Belief had already been wearing thin for shareholders who reckoned that Ocado (LSE: OCDO) could avoid the pitfalls of the grocery industry price wars forever, but CEO Tim Steiner hammered the final nail in that coffin with his comments to investors in the online grocer’s latest trading statement. Steiner warned: “As the market remains very competitive, we are seeing sustained and continuing margin pressure and there is nothing to suggest that this will change in the short term.

That’s undoubtedly a sentence no investor wants to hear, and so it’s little surprise that share prices are down a full 19% since. While management put out rosy statements about how the company’s intrinsic qualities would translate to long-term success, is there any reason to believe this optimism?

I don’t think so. Ocado is the most shorted stock on the LSE for good reason. While it’s true that customer satisfaction is high for the grocer, shown by survey results and continued double-digit growth in sales and order volumes, last year’s operating margins of 1.9% illustrate the razor edge Ocado is perched on.

The company long planned to prioritise market share growth at the expense of profits before eventually raising prices enough to create higher sustainable margins. However, with even management now questioning its ability to achieve this goal, investors should worry.

That’s because the industry is a cut throat one where traditional grocers are fighting tooth and nail to retain market share in the face of a sustained onslaught from German budget chains Aldi and Lidl. Online delivery, as the one fast growing segment of the market, has attracted the attention of all the major players, leaving Ocado a mere bit player without other business segments to fall back on.

With no apparent progress being made in sealing an agreement with overseas grocers, I don’t foresee a long future for Ocado as a standalone firm if current market conditions persist.

The Ashley effect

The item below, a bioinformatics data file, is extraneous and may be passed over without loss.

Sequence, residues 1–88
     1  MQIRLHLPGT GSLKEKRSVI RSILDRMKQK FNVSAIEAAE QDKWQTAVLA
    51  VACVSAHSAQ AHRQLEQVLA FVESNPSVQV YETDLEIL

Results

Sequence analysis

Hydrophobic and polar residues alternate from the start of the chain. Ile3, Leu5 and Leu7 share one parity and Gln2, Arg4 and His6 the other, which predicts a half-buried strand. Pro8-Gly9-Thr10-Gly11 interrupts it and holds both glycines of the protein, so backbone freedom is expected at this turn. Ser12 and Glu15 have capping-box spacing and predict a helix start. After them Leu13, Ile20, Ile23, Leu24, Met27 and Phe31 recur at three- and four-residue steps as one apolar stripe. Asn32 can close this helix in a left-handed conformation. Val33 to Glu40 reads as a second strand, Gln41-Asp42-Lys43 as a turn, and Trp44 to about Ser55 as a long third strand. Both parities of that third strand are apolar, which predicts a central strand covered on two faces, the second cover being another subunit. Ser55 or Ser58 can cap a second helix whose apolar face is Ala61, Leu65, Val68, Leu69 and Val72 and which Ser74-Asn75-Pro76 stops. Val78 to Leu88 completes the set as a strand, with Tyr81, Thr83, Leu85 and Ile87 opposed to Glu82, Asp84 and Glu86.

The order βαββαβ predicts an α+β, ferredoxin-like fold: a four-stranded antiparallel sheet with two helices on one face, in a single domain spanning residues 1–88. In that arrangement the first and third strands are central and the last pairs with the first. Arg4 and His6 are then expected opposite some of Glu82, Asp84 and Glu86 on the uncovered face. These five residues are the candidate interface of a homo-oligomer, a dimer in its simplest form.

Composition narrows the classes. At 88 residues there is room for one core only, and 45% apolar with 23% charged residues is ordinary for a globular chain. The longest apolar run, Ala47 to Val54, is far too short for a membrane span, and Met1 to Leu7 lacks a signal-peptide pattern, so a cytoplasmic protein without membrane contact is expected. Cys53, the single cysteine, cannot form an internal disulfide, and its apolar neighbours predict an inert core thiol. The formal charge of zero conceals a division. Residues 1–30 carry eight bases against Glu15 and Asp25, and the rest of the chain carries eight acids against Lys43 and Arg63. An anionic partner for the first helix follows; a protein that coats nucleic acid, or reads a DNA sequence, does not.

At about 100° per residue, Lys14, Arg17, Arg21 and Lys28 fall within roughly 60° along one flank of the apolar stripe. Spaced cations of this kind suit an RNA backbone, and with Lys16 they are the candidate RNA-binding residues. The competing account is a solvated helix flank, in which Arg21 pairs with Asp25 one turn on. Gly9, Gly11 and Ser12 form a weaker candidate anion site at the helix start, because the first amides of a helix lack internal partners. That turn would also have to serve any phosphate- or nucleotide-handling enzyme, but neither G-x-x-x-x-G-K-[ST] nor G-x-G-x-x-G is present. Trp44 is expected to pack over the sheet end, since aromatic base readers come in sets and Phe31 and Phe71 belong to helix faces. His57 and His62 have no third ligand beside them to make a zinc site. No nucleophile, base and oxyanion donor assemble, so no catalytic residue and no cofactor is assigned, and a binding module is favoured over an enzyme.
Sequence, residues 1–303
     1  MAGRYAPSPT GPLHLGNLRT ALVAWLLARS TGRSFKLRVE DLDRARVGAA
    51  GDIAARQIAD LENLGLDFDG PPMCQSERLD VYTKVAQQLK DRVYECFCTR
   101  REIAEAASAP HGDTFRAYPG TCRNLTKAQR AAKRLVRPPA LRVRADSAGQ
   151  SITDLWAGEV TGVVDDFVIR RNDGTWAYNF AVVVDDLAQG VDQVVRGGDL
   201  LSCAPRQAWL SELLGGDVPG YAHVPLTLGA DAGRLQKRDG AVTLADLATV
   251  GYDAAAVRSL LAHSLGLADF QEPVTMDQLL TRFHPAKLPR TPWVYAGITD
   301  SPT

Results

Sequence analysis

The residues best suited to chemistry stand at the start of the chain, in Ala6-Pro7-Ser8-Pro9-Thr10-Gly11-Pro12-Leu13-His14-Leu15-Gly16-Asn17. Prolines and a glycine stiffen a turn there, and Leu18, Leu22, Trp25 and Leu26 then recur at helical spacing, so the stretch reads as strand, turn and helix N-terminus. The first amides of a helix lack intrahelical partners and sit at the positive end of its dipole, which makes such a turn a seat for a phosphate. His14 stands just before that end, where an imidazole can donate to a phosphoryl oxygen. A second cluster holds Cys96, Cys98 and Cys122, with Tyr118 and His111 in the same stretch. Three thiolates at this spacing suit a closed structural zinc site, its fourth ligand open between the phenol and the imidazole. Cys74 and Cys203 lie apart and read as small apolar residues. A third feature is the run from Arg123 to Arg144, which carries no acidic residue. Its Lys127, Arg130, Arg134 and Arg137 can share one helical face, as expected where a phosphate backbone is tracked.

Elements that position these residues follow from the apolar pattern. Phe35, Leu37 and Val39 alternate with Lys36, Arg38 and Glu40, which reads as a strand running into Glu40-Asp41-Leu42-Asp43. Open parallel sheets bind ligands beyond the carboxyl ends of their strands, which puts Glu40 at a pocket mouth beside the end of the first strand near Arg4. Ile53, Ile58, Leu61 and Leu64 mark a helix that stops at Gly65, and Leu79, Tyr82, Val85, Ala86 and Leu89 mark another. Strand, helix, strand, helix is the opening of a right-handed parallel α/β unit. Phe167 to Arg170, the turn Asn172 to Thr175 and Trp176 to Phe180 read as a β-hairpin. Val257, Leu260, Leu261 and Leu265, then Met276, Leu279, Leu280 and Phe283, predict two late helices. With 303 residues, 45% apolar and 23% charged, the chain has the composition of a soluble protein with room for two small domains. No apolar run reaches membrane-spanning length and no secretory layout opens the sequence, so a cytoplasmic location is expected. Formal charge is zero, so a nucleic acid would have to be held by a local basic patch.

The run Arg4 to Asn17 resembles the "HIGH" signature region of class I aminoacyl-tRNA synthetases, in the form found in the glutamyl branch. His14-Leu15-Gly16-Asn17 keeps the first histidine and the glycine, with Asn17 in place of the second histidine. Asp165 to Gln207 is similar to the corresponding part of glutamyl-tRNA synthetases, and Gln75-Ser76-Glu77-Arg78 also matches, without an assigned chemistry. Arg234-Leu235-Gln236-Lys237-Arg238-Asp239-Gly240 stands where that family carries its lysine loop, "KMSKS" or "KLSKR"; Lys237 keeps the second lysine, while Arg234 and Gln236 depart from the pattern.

The return of much-maligned founder and majority shareholder Mike Ashley to the role of CEO has raised hopes for Sports Direct (LSE: SPD) shareholders that the discount sportswear king can reverse the 60%-plus fall in share prices over the past year.

Ashley will need to find success on several fronts. The first issue to tackle is turning around the core business. Interim results for the past half year paint a poor picture as like-for-like sales fell 0.8% and underlying pre-tax profits dropped 8.4% year-on-year. Now, Ashley knows the retail business so it wouldn’t be surprising if Sports Direct were able to turn things around in the coming years despite major changes in the way people are shopping for clothes.

However, I’m much less optimistic that necessary reforms will be made to address the second critical issue, the firm’s poor corporate governance. The problems at Sports Direct are rampant and include undisclosed related party transactions involving Ashley’s brother and the appointment of Ashley’s daughter’s boyfriend to head the company’s property team.

Combined with well-documented issues regarding poor labour practices and Ashley’s ham-fisted attempts to mollify critics, it’s no surprise Sports Direct is embroiled in a PR disaster. If Sports Direct’s only problems were falling profits, changing consumer habits and rising debts I might give the shares a closer look, but as long as corporate governance problems continue to plague it, I’ll be steering clear.

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Ian Pierce has no position in any shares mentioned. The Motley Fool UK has recommended Sports Direct International. We Fools don't all hold the same opinions, but we all believe that considering a diverse range of insights makes us better investors.